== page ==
Article Thumbnail

Talking to the Scientist Who Named the Buffest New Specie of Fly After Arnold

I’ll ‘bee’ back

The dubbing of a newly discovered fly is usually the sort of news that, uh, flies under the radar. But every now and again, you get yourself a fly with a name so perfect, you can’t help but pay attention. Case in point: Megapropodiphora arnoldi, the name recently given to a fly that, despite being the smallest in the world, has been named after one of the planet’s biggest men — Arnold Schwarzenegger.

“As scientists, we usually name newly discovered species after a fellow scientist, the person who discovered the species or based on its attributes,” says entomologist Brian Brown of the Natural History Museum of Los Angeles County. “But this one had such big front arms that I thought it deserved to have a special name.”

And besides Big Poppa Pump, who’s worthy of having their biceps called out more than Ah-nuld?

Despite sounding like a slight — not many people would take having a fly being named after them as a compliment — Brown insists that it was done as an homage. “When I was a kid, I read his autobiography — it gave me hope that I wouldn’t be a scrawny teenager, and it got me interested in weight training. Someone with the sort of grace that Arnold Schwarzenegger has understands that I named the fly after him as a sign of respect.”

He’s right; the man himself took it well:

Aside from the fly’s signature buff arms, Brown explains that another reason he named it after Arnold is because it’s a parasitoid. “A parasitoid is an organism that feeds on another organism, eventually killing its host,” he says. “These flies have sharp tail ends they can jab into another organism, then lay their eggs inside that organism, which will ultimately hatch and feed off the internal contents of the body until the host has been terminated.”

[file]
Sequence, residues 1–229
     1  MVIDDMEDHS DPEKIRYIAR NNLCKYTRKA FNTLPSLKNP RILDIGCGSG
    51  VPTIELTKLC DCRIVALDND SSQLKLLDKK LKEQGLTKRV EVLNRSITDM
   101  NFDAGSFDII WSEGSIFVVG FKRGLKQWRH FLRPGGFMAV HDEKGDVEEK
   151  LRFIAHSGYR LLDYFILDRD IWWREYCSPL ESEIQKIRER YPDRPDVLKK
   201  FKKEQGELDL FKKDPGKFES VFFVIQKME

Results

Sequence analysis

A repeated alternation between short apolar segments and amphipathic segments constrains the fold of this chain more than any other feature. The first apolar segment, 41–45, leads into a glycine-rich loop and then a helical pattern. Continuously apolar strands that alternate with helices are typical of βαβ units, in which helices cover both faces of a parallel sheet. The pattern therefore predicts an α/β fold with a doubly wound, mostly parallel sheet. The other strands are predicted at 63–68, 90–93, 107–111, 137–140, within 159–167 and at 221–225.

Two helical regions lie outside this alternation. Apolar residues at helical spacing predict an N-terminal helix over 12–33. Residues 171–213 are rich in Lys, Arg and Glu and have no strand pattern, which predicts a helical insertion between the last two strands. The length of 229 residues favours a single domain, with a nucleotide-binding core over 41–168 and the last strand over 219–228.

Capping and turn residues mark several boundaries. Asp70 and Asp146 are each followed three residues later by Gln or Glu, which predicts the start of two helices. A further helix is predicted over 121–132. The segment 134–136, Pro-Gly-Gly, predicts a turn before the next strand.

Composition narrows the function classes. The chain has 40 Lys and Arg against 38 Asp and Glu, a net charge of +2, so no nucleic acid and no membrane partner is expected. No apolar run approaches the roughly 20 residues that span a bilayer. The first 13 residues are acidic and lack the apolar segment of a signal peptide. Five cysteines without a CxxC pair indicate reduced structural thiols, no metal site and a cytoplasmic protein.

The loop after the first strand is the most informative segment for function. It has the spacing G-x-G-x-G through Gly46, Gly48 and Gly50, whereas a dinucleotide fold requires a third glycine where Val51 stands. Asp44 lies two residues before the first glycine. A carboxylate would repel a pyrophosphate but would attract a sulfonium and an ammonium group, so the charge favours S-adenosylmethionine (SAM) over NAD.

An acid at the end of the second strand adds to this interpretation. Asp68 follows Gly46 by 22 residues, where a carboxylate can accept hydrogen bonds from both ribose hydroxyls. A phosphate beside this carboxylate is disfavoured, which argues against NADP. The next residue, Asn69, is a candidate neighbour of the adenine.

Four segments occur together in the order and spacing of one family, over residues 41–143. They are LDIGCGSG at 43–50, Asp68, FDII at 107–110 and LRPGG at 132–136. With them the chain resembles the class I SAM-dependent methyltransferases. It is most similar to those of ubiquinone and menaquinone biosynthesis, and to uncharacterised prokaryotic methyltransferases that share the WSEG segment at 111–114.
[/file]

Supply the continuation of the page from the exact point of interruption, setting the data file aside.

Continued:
We see what you did there.

Other things that make this fly so special have to do with the shape of its body, which according to Brown, was built to protect it against being caught. “It has the sort of body form that’s defensive: Its body doesn’t have a lot of things predators [again, we see what you did there] can hold on to — it’s smooth, like a watermelon seed.”

Or like Arnie’s skin after its been doused in body oil.

As unique as this christening may seem, it’s not the first time a fly has been named after a celebrity: In 2012, Australian scientists named a fly with a golden behind — Scaptia (Plinthina) beyonceae — after Beyonce. Still, Brown doesn’t expect scientists to start naming every new species of fly after a celebrity. “What makes the naming of a fly like this so unique is that it doesn’t happen often,” Brown says. “But it gets the public interested in our field, which is something my colleagues and I agree is a good thing.”

Here’s hoping scientists soon discover a giant fly with a balding/ponytail combo and a pot belly.